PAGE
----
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How To Warm Up At The Gym

Posted by BRANDON FALKENBERG on

How To Warm Up At The Gym

Fail to prepare, prepare to fail, and possibly pick up an injury.

If there was one simple change that almost everyone could make to their exercise routine that would help them lift more, run, cycle or row faster, and be less susceptible to injury, we’d all do it, right? Well, there is, and most of us don’t.

Warming up takes minutes and brings with it a host of benefits. It is, in short, vital to squeeze in five to ten minutes of prep before your workout, no matter how short on time you are. It’s better to warm up properly and do two excellent sets than rush through three poor ones because you start cold, risking injury along the way.

To help you warm up for your next weights or treadmill session, try these routines created by Yasmin Saadi, director and personal trainer at The Fitting Rooms gym.

How To Warm Up For A Weights Session

1 Static hip flexor stretch

Time 30-60sec each side

Many of us, particularly deskbound workers, have tight hip flexors from sitting down all day. If not addressed, this can lead to lower-back injury while weight training. For this stretch, get on one knee with the other foot in front. Push forwards to stretch your hip, keeping your core tight and squeezing your opposing glutes as you do so.

2 Deep lunge with hip circles

Reps 5 circles each leg

This helps to start mobilising the hips and increasing synovial fluid at the joints, which reduces friction. While holding a deep lunge position with your hands on the floor in front, start circling the front knee to stretch and mobilise the hip.

3 Deep lunge hold with thoracic rotation

Reps 5 reaches each side

In a deep lunge position, reach to the floor with one elbow, then rotate your torso and reach to the ceiling with the same arm. This mobilises the spine and helps prepare for rotational movements.

4 Downward dog walk-out

Reps 5

From a press-up position walk your hands backwards towards your feet, pushing your hips upwards and keeping your legs as straight as possible to feel the stretch in your hamstrings and calves – in yoga this is known as the downward dog position. Then walk your hands back to the press-up position and repeat.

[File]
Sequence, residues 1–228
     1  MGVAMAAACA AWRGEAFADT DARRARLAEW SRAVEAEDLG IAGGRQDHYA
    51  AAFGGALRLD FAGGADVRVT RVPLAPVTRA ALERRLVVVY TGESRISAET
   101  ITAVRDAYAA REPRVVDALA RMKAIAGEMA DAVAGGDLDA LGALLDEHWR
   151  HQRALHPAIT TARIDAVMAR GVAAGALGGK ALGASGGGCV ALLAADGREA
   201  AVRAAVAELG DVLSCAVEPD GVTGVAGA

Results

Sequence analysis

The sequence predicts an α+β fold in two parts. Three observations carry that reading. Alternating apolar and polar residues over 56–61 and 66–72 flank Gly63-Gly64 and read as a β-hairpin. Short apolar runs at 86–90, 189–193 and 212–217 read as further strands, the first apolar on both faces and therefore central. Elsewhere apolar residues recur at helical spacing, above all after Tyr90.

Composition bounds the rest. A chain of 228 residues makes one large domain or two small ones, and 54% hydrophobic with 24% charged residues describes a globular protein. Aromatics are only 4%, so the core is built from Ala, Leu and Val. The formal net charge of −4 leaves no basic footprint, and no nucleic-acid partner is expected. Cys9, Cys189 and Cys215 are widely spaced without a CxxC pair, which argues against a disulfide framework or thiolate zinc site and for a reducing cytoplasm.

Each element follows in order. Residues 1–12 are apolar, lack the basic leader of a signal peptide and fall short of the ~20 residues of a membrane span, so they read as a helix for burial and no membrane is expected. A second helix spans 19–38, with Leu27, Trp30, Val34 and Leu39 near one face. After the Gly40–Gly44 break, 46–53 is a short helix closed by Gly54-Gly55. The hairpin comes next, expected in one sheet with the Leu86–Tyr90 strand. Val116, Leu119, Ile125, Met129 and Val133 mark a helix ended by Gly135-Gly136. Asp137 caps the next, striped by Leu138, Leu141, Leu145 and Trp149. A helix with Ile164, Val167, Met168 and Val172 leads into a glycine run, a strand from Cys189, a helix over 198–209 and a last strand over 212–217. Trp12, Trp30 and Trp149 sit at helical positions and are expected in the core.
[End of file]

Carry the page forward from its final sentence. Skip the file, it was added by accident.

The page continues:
6 Band shoulder dislocate

Reps 10

Grasp a resistance band and pull it apart so your arms are straight out to the sides. Keeping the band stretched and your arms straight, move the band in a large arc over the top of your head and onto the back of your shoulders, keeping your torso upright throughout. This helps improve the range of movement in your shoulders and increases synovial fluid at the shoulder joint in preparation for upper-body exercises.

7 Lunge with overhead reach

Reps 20

You’re almost finished warming up – you just want to make sure the heart rate is elevated and all your joints are warm and ready for action. Lunges with overhead reaches will get the heart working and prep almost every joint in your body for movement. Step into a lunge and reach above your head with both arms. Alternate legs.

Exercise Specific Warm-Ups

After this warm-up, it’s advisable to do one or two warm-up sets of every exercise you’re going to do in the weights room. This not only properly prepares the specific joints, but also gives your body time to learn that movement as well as priming your nervous system.

How To Warm Up For A Treadmill Session

1A Static hip flexor stretch

Time 30sec each side

Get on one knee with the other foot in front. Push forwards to stretch your hip, keeping your core tight and squeezing your opposing glutes as you do so. Move straight into 1B, then perform 1A and 1B on the other side.

1B Deep lunge with hip circles

Reps 10 each side

While holding a deep lunge position with your hands on the floor in front, start circling the front knee to stretch and mobilise the hip.

2 Downward dog walk-out

Reps 5

From a press-up position walk your hands backwards towards your feet, pushing your hips upwards and keeping your legs as straight as possible to feel the stretch in your hamstrings and calves – in yoga this is known as the downward dog position. Then walk your hands back to the press-up position and repeat.

3 Single-leg calf raise

Reps 15 each side

Stand on a step on one foot, with the ball of the foot on the step and your heel off it. Using your hands for support – put one hand against a wall, for example – raise your heel. If this is too difficult then perform the movement with two legs at the same time. This helps warm up the ankle joint as well as activating the calf muscles to provide support at the ankle joint for running. The single-legged nature of this exercise will also activate the gluteus medius (side of the bum), which any physio will tell you is crucial for knee and back health when running.

4 Resistance band crab walk

Sets 3 Reps 10 each direction

Place a resistance band around the outside of your knees so that you have to resist the pull of the band when you push your knees out. Then walk sideways with your knees slightly bent, like a crab. If you have the space go ten steps left, then ten steps right, three times.

Treadmill

Take two minutes to progress slowly from a walk up to your intended running pace. This not only elevates your heart rate safely but also gets your joints used to the impact and allows your body to learn the movement correctly.

Written by Nick Harris-Fry for Coach and legally licensed through the Matcha publisher network. Please direct all licensing questions to legal@getmatcha.com.



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